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J Stud Alcohol Drugs. 2016 May;77(3):393-404.

Interactions Between Alcohol Metabolism Genes and Religious Involvement in Association With Maximum Drinks and Alcohol Dependence Symptoms.

Author information

1
Virginia Commonwealth University School of Social Work, Richmond, Virginia.
2
Department of Psychiatry, Virginia Commonwealth University School of Medicine, Richmond, Virginia.
3
Virginia Institute for Psychiatric and Behavioral Genetics, Virginia Commonwealth University, Richmond, Virginia.
4
South Texas Diabetes and Obesity Institute, University of Texas Health Science Center at San Antonio, San Antonio, Texas.
5
Department of Psychiatry, University of Connecticut School of Medicine, Farmington, Connecticut.
6
Faculty of Business, Karabuk University, Karabuk, Turkey.
7
Department of Psychiatry, University of San Diego School of Medicine, La Jolla, California.
8
Departments of Pediatrics and Human Genetics, Howard University, Washington, DC.
9
Department of Psychiatry, University of Iowa Carver College of Medicine, Iowa City, Iowa.
10
Department of Psychiatry, Washington University School of Medicine, St. Louis, Missouri.
11
Department of Psychiatry, Indiana University School of Medicine, Indianapolis, Indiana.
12
Department of Psychiatry, SUNY Downstate Medical Center, Brooklyn, New York.

Abstract

OBJECTIVE:

Variations in the genes encoding alcohol dehydrogenase (ADH) enzymes are associated with both alcohol consumption and dependence in multiple populations. Additionally, some environmental factors have been recognized as modifiers of these relationships. This study examined the modifying effect of religious involvement on relationships between ADH gene variants and alcohol consumption-related phenotypes.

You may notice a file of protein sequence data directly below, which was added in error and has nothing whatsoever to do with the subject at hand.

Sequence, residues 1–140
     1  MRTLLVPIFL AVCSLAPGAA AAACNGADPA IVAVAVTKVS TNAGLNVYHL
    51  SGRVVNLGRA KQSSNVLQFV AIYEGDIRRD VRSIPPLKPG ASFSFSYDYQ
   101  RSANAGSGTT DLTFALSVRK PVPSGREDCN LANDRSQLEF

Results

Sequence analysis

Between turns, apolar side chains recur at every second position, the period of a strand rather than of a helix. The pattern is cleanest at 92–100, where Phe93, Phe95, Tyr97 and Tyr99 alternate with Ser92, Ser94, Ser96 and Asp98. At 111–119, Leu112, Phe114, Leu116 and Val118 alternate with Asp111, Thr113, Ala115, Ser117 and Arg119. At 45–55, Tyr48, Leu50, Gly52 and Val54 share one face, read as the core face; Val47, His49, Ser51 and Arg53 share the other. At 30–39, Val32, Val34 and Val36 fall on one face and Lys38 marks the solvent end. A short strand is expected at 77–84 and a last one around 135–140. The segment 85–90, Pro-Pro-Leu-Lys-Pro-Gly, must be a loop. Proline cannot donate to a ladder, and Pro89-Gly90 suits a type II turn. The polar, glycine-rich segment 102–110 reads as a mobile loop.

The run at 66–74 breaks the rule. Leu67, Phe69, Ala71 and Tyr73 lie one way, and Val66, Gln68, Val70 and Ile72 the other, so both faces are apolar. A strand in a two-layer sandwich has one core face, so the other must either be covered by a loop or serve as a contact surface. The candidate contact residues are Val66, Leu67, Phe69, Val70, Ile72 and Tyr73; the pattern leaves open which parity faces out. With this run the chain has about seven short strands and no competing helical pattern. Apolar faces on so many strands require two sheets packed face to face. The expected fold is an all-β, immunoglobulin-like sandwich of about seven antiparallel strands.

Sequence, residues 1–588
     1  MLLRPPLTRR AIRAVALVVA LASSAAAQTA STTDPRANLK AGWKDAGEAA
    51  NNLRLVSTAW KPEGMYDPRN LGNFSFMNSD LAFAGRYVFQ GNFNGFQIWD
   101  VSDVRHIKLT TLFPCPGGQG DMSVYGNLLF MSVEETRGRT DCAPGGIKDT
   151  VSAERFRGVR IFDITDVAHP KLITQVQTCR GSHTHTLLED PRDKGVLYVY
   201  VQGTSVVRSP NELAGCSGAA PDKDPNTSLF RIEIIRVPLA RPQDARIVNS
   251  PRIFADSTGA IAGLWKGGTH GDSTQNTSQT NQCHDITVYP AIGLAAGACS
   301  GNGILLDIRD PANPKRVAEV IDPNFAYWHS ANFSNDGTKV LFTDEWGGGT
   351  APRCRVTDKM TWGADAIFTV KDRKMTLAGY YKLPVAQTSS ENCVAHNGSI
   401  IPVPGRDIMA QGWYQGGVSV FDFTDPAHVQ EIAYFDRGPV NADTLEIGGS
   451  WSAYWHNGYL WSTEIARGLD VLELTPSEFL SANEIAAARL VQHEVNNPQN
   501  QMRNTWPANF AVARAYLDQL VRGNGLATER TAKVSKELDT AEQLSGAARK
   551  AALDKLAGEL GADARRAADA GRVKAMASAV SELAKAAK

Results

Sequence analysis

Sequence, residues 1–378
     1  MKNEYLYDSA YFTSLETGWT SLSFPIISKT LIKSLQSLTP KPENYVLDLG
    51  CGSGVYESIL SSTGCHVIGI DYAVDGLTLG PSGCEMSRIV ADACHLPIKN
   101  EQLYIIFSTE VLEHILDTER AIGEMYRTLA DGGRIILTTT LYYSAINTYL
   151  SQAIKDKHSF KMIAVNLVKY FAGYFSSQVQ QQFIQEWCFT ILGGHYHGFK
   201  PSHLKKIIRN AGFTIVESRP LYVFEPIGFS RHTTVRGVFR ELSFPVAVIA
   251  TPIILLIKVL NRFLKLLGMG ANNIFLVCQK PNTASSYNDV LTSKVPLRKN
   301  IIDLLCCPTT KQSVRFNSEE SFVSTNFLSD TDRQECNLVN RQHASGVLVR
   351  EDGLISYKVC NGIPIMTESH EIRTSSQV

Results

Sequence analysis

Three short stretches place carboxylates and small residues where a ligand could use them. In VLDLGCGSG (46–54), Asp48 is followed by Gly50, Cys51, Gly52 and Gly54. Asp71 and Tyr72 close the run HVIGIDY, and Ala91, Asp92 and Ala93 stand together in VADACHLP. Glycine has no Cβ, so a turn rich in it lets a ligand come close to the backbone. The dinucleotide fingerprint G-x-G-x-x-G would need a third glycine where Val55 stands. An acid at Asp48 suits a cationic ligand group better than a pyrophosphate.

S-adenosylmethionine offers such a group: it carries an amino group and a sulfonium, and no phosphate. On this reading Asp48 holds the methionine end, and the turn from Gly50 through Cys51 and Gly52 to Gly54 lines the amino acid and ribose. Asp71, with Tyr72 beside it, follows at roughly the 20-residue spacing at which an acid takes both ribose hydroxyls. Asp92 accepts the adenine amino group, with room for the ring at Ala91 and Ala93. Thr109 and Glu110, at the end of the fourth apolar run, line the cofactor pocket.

METHOD:

Subjects were African American, European American, and Hispanic American adults with lifetime exposure to alcohol (N = 7,716; 53% female) from the Collaborative Study on the Genetics of Alcoholism. Genetic markers included ADH1Brs1229984, ADH1B-rs2066702, ADH1C-rs698, ADH4-rs1042364, and ADH4-rs1800759. Phenotypes were maximum drinks consumed in a 24-hour period and total number of alcohol dependence symptoms according to the Diagnostic and Statistical Manual of Mental Disorders, Fourth Edition. Religious involvement was defined by self-reported religious services attendance.

RESULTS:

Both religious involvement and ADH1B-rs1229984 were negatively associated with the number of maximum drinks consumed and the number of lifetime alcohol dependence symptoms endorsed. The interactions of religious involvement with ADH1B-rs2066702, ADH1C-rs698, and ADH4-rs1042364 were significantly associated with maximum drinks and alcohol dependence symptoms. Risk variants had weaker associations with maximum drinks and alcohol dependence symptoms as a function of increasing religious involvement.

CONCLUSIONS:

This study provided initial evidence of a modifying effect for religious involvement on relationships between ADH variants and maximum drinks and alcohol dependence symptoms.

PMID:
27172571
PMCID:
PMC4869897
DOI:
10.15288/jsad.2016.77.393
[Indexed for MEDLINE]
Free PMC Article

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